It is no longer sufficient to simply state that business needs to be digitized, because a big portion of the industry is already there. Interconnected equipment, AI-assisted automation, and cloud-synced compatible software solutions are very much a part of the modern industry today.
The focus has now shifted to opening up the data, features, and functions from existing software applications to seamless collaboration, customization, communication, and innovation. The application programming interface or API is what makes all that a feasible possibility.
What is API?
Technically, the application programming interface consists of a defined rule set that enables, dictates, controls, and maintains communications between two or more applications. It’s the point of interaction that processes all data exchanged between multiple applications and their respective cloud servers in alignment with the preprogrammed set of defined rules.
APIs are open, documented software interfaces that allow several applications from different developers to collaborate seamlessly by communicating data and sharing features between themselves. In other words, they enable numerous business apps from different vendors to work together as a single software application when required.
What is API First?
APIs are not uncommon at all in SaaS sectors, but they are usually limited in their ability to do everything that we just discussed. Limited compatibility and restricted collaborative features make traditional APIs somewhat self-defeating in view of collaborating and open inter-app communication goals that we just explained earlier. This is a common issue with software applications where API integration was not a part of the original project’s planning.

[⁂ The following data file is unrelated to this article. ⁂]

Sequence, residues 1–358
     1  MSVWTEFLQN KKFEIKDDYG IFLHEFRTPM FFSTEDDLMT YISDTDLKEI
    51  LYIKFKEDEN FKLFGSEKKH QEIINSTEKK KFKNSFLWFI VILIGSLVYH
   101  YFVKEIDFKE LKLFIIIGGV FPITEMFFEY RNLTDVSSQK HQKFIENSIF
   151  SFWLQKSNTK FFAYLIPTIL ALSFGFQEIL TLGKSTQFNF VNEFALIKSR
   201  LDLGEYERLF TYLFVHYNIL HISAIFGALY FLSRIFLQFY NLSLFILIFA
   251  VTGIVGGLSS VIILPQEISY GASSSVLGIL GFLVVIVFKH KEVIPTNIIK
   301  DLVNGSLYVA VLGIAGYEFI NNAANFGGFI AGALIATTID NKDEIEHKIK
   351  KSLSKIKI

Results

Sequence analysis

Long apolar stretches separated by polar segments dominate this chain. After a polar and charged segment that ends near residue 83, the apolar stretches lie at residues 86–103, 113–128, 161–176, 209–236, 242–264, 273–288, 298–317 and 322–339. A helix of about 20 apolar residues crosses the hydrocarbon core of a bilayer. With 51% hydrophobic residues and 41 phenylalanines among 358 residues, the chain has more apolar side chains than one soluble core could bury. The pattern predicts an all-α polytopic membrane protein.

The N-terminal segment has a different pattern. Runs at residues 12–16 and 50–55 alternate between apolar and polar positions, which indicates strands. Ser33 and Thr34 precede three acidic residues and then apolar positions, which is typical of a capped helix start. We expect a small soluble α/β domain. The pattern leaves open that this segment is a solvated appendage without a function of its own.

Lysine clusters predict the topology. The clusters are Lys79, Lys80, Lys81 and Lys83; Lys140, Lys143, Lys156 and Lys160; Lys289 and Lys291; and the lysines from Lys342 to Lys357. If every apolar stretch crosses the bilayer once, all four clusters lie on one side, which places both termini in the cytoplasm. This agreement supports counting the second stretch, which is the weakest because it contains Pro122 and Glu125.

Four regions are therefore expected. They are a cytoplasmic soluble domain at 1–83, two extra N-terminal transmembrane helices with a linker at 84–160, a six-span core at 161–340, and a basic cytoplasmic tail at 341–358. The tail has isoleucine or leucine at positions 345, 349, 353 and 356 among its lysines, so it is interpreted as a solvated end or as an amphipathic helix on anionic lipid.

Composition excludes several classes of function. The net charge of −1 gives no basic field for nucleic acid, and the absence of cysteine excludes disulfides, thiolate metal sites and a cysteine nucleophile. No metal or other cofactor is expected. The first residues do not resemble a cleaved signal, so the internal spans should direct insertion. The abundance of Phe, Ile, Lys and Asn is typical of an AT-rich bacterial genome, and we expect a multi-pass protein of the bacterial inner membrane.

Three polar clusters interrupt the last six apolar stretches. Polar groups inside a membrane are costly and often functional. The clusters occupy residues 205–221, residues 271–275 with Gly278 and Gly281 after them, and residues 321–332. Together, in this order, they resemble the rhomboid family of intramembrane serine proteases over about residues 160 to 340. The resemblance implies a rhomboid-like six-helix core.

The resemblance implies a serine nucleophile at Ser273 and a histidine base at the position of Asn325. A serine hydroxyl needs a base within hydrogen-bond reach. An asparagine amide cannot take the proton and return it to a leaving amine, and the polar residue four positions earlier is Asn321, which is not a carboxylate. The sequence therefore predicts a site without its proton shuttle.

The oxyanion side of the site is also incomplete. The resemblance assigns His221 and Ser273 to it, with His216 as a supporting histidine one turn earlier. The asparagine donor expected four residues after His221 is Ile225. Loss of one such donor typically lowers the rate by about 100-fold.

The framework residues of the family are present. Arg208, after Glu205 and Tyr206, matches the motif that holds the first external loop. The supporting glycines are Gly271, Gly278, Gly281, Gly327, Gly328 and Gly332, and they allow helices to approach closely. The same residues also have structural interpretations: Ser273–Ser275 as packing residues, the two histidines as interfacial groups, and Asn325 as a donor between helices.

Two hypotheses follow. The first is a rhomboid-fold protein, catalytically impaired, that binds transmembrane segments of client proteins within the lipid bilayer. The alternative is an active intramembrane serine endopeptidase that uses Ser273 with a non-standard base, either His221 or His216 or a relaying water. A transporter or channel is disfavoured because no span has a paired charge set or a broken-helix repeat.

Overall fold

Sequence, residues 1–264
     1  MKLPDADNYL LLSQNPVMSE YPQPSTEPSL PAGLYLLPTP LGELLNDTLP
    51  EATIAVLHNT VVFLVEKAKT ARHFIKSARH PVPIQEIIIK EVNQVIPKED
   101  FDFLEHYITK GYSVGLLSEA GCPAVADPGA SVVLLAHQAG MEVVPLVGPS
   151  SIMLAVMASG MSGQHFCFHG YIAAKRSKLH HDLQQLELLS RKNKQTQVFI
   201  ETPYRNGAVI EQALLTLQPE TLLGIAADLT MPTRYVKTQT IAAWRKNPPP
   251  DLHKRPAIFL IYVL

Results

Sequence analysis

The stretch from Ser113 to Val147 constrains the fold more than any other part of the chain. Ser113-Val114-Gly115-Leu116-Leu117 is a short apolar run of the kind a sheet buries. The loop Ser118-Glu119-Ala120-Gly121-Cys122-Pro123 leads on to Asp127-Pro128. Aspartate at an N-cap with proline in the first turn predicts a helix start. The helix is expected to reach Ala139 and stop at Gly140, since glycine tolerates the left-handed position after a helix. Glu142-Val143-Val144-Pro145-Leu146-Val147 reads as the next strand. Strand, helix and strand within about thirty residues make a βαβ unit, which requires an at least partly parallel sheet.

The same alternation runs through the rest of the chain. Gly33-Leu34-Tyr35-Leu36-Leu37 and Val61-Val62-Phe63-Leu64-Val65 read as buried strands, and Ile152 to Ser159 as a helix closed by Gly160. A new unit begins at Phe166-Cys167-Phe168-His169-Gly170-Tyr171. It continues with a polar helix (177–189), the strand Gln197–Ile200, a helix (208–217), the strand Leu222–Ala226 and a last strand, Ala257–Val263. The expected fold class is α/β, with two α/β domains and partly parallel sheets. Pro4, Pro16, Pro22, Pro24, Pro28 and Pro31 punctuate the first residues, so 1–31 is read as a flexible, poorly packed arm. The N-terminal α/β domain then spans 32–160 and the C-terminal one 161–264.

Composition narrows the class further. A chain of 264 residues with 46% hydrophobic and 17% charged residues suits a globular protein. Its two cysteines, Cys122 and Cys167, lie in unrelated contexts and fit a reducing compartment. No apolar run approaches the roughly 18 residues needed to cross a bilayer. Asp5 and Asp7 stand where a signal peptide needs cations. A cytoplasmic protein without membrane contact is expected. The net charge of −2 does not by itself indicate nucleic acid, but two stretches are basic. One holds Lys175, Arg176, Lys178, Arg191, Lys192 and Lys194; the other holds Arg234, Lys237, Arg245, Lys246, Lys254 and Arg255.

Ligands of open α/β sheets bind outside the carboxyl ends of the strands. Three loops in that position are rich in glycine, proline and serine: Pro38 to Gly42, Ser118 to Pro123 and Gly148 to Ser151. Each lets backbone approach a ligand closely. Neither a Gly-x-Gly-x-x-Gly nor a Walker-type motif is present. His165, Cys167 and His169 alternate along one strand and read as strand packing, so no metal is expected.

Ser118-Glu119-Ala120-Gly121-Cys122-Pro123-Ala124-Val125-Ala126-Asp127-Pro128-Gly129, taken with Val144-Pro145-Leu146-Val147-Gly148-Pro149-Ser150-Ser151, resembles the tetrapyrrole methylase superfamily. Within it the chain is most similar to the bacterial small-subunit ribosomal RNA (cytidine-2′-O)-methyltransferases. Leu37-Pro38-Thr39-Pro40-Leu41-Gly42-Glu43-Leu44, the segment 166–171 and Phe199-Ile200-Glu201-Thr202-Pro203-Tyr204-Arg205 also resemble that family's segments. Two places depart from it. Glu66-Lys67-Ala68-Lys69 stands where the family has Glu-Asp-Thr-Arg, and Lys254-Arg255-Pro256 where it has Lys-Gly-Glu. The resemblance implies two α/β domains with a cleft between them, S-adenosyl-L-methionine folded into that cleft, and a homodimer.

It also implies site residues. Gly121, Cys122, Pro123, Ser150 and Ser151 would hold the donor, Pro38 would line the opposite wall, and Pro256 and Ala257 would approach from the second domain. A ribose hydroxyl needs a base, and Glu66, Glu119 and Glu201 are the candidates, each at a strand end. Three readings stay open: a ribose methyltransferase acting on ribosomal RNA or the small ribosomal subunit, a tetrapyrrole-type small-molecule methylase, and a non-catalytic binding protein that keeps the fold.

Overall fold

If the API integration was a late-stage add-in for the project, or if it had to be added via updates, the application programming interface will not be as productive as it could have been. In direct contrast, API First is a software development infrastructure that not only incorporates API integration as part of the original development plan, but prioritizes it as one of the primary goals. All applications are developed with collaboration, communication, and wide compatibility in focus.
Is API Integration a Secured Process?
It is a common misconception that “open” translates to vulnerability, and API integration would make applications more vulnerable to hacking attacks. On the contrary, APIs make application data more secure against external threats. No decent developer would allow API integration without TLS encryption and unique gateway signatures to protect and authenticate each data exchange.
The defined set of rules do not just control the data exchange between verified applications, but they also verify all external data coming in from a web server, before allowing anything to get in or out through them. In the absence of an API, connected applications would actually be more vulnerable to threats from compromised peers and cloud servers.
In summary, API integration’s role will be critical for us to reach the next stage of evolution in business software solutions. Automated, seamless, and secured collaboration naturally leads to unified productivity, better ROI, and easier innovations.